Reply

  4. italk2u

    January 9, 2018 at 11:27 am

    Seems like you need to understand the term “off the record” Put simply, someone tells you something, but doesn’t want his/her name associated with it because the it could easily lead back to him/her. It’s called protecting your source.

    Reply

  5. Ian

    January 8, 2018 at 10:03 pm

    Did OZ talk about any new players at the time? If so, will Herdman be able to follow through with these players? Also, Steven, would the expensive end round proposal have required board approval? In other words, was OZ a renegade or simply persuasive of expensive changes?

    Reply

    • Steven Sandor

      January 8, 2018 at 10:41 pm

      For sure, his plan would have needed approval. And yes, as OZ suggested, he thinks it was a bold plan that put him on the outs. But there’s more to it than the expenses and the “renegade” nature. He was called on the carpet by the CSA several times.

      Reply

    • Ian

      January 8, 2018 at 11:06 pm

      Are you privy to any roster ideas for the U-23?

      Reply

      • Steven Sandor

        January 9, 2018 at 6:10 am

        That was supposed to be announced Monday. But, for obvious reasons, that ended up not going out…

        Reply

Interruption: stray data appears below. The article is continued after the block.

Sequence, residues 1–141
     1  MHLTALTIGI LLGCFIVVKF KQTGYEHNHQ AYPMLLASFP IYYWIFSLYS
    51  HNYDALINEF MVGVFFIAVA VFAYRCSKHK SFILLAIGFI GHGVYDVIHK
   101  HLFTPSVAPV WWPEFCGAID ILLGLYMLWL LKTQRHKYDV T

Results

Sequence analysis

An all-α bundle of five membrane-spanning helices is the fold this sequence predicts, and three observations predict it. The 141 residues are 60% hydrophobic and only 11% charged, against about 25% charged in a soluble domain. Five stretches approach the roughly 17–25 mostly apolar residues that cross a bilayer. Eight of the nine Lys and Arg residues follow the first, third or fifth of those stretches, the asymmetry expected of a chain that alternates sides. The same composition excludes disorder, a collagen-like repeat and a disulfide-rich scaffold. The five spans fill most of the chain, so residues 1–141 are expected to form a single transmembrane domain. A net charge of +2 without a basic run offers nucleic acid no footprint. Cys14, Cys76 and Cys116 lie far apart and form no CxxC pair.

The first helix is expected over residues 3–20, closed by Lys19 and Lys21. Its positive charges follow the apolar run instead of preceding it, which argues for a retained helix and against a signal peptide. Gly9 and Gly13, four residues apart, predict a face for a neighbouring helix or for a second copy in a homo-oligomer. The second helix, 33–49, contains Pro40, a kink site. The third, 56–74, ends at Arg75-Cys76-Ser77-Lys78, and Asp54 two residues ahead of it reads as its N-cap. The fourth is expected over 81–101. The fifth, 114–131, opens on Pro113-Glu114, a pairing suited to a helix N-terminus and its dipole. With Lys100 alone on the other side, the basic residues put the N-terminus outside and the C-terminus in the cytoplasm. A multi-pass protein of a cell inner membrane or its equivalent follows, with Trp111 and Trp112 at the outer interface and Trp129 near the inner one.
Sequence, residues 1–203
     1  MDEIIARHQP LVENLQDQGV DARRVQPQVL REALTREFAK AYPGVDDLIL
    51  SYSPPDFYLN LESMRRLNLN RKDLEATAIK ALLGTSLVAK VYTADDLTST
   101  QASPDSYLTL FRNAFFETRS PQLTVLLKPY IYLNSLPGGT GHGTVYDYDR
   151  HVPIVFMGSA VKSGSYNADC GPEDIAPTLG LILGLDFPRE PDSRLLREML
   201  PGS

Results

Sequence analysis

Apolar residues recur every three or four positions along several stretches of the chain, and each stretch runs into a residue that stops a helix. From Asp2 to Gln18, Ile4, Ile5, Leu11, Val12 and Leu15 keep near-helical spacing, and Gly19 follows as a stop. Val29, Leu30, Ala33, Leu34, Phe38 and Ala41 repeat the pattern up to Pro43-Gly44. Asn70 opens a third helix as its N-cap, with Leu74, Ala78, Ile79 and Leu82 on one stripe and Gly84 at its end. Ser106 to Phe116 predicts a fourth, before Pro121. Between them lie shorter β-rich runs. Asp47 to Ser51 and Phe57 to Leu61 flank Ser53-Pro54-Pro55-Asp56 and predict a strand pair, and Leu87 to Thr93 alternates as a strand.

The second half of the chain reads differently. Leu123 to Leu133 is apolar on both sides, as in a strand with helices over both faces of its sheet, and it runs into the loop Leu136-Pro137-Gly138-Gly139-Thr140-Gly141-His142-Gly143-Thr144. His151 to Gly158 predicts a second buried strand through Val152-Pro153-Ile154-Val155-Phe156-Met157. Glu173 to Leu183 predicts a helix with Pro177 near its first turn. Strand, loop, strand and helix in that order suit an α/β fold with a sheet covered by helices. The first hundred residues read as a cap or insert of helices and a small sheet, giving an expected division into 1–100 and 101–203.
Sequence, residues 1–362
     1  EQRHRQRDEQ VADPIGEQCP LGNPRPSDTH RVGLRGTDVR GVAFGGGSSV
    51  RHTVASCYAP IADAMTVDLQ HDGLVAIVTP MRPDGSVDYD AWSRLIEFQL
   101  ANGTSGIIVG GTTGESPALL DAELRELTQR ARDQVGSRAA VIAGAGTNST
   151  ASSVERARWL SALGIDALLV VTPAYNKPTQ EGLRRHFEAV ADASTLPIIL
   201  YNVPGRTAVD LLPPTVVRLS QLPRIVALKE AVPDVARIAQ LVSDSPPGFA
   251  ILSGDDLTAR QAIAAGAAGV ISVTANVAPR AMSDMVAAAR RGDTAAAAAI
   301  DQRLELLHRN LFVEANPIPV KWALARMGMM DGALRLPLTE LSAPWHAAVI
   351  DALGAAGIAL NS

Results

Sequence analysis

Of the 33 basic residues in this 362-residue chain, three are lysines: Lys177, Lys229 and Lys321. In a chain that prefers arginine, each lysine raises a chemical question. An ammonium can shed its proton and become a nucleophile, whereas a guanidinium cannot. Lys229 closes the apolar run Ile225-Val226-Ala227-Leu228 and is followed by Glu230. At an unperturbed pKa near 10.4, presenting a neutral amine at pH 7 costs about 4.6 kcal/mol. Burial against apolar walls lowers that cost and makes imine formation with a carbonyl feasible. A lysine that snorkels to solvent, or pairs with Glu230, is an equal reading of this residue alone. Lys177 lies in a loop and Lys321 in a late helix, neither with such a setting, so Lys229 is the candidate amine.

6. Peter Parker

    January 8, 2018 at 9:07 pm

    So what if he didn’t talk to NASL players? I wouldn’t have talked to them either. Mickey Mouse league. FC Edmonton folded. Get over it. San Francisco folded after winning. This is laughable.

    Reply

    • Steven Sandor

      January 8, 2018 at 9:26 pm

      It would be, if he wasn’t calling up USL players and unattached players. But, if he does, then the NASL comparison is, in my mind, apples to apples and journalistically valid.

      Reply

      • Peter Parker

        January 8, 2018 at 11:13 pm

        A USL player he called up was Kaye, a young guy who looks like he fit a role out there for our team. Not 26+ somethings who’ve previously been tried in the program and aren’t getting us anywhere. Seeing guys like Davies, Edwards, Adekugbe, and other younger guys getting a shot with established top pros like Arfield and Hoillet is better than leaving out no upside older NASL types.

        Reply

        • Peter Parker

          January 11, 2018 at 11:47 pm

          I’m really hoping that Bekker and Ouimette get to continue their pro careers in the North American game somewhere, along with Attakora, Tissot, and the Canadians at the on hiatus FC Edmonton, but they shouldn’t be on our national team radar anymore. And I think Herdman will be going relying on the much younger prospects from the MLS clubs as well as Europe and South America, so they won’t be.

          Reply

        • Peter Parker

          January 31, 2018 at 6:28 pm

          And, lo and behold, Kaye got himself signed by Bob Bradley (and MDS!) for LAFC in MLS. So maybe OZ can actually spot talent.

          Reply

          • Peter Parker

            February 12, 2018 at 7:39 pm

            And judging by reports out of LAFC camp, they seem pretty high on him.

  7. Peter Parker

    January 8, 2018 at 8:51 pm

    If it was a “worst kept secret” for “months,” then why didn’t you report it in some manner?

    Reply

    • Steven Sandor

      January 8, 2018 at 9:24 pm